Now that she is dead she is stuck in the past and states specifically that no one wants to go there. Her friends take turns shouting out their desire to go on to “tomorrow.” The poem concludes with the speaker describing how she is trapped within her home, unable to stay in one room and spend time with other people. Her surroundings are all the same as they were when she was alive, now she has changed irreparably.

 

Ode to a Nightingale by John Keats 

In this poem, which is very likely Keats’ most well-known, the nightingale plays an important role. The speaker listens to it sing, and feels jealous of its carefree life. Inspired by the song, he considers giving himself over to the woods and trying to seek out the same kind of freedom the nightingale has. He even thinks about allowing himself to die in the woods. This beautiful vision that the speaker has been entranced by is broken when the bird flies off and leaves the speaker alone. The confusion he felt at the beginning of the poem returns and he is unable to determine what was real and what was a dream. 

 

Wild Swans by Edna St. Vincent Millay

This piece tells of a speaker’s desperation to get out of her current physical and emotional space. She would like to find new, bird-like freedom. The poem begins with the speaker feeling shocked at the sight of wild swans flying over her home. There is something about their shapes on this day that strikes her. She is suddenly determined to look into her heart and pick out the parts of herself that have confined her. The speaker sees her current life as “Tiresome”. She is metaphorically chained to her daily emotional pattern She’d like to fly over the town, just like the swans.

By the end of the poem, the speaker decides that she is going to leave her home. She is also desperate for the swans to come back and show her again how to fly over the town. When this happens her heart will be free, her old life will sit far below her. All the possibilities the swans have access to will be hers as well.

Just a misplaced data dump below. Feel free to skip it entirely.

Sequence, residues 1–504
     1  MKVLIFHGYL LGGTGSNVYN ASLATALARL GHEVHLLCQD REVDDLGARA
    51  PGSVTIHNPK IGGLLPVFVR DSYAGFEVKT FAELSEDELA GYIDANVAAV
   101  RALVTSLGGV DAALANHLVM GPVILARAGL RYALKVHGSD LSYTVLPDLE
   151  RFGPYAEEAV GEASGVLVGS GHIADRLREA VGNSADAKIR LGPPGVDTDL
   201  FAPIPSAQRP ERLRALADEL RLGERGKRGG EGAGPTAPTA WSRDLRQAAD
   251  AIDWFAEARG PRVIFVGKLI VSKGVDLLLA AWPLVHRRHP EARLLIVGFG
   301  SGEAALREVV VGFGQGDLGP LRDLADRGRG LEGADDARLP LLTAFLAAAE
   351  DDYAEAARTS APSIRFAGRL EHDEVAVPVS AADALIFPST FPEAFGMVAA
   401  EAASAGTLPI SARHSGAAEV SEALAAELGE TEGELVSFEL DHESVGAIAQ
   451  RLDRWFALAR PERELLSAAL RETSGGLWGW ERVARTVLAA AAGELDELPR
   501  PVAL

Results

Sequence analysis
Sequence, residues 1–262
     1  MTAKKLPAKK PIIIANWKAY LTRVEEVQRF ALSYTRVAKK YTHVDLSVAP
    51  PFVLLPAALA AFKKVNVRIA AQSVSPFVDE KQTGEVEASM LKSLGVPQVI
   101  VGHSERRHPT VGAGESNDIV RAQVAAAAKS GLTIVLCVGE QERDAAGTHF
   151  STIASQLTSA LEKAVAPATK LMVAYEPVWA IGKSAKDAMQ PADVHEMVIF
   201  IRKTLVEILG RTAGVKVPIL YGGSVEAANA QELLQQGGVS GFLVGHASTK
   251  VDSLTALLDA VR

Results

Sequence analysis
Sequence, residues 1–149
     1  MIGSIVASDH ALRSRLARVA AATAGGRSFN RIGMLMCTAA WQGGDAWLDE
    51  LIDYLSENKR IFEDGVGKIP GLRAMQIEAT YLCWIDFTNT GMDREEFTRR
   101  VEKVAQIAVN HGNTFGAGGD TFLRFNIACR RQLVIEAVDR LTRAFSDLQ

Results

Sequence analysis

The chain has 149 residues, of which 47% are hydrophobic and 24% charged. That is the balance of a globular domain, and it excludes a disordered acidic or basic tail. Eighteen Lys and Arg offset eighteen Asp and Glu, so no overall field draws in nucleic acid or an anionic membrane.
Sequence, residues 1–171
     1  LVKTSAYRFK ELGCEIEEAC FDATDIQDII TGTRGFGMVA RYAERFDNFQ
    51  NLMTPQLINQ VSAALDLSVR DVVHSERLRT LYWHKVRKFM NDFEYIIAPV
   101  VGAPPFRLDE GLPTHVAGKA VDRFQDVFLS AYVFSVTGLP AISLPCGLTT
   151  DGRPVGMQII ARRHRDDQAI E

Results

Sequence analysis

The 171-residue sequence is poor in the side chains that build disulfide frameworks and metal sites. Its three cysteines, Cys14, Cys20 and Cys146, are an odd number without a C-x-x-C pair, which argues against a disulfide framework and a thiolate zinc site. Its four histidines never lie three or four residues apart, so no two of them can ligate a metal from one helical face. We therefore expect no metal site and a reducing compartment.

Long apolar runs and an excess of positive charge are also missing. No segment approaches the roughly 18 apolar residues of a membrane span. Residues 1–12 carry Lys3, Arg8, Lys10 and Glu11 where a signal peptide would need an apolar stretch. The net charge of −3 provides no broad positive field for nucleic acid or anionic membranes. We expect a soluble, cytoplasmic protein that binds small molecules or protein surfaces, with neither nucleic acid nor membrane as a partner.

The Eagle by Alfred Lord Tennyson

‘The Eagle’ is one of Tennyson’s shortest poems, consisting of a total of six lines. It presents the eagle as a powerful creature, alone and above the rest of the world. The singular focus on the eagle forces a reader to really consider the creature and the life it lives. This is especially emphasized in the last lines when he “like a thunderbolt…falls” as he dives towards the sea. 

 

The Gypsy by Edward Thomas 

Within ‘The Gypsy’ Thomas describes an encounter with a band of gypsies. He speaks on how they transported him. They’ve allowed him to experience a free world he’d never encountered before, with their music. The poem details a few moments of conversation between the speaker and a gypsy woman. The next lines focus on the sights and sounds around the woman’s brother. He stamps his feet and sings and plays the “mouth-organ.” The speaker describes the festivities in the camp as “Bacchanal.” 

The speaker expresses a desire to thank the family sufficiently for the way he was transported out of his life. He appreciates the experience with a new emotional, dark and intense mental landscape. This experience has given him something to write about, and he can’t pay them back for that. 

 

Apostate by Léonie Adams

‘Apostate’ by Léonie Adams describes the freedom a speaker sees in the sky. It is embodied in the joyful stars and how she aches to live as they do. The poem begins with the speaker stating that she is watching the stars and marvelling in their movements. They are not out of control as humanity is, but gracefully “throbbing” with “joy.”

She sees this as an ideal way to live. In the following lines, she explains how the stars have been able to pierce the darkness of the sky. But they are still able to shine out for all to see. They have a power that is not controlled or regulated by any other than themselves. 

In the final section, the speaker wishes that she could live as the stars do. They are without masks to hide behind or rules to follow.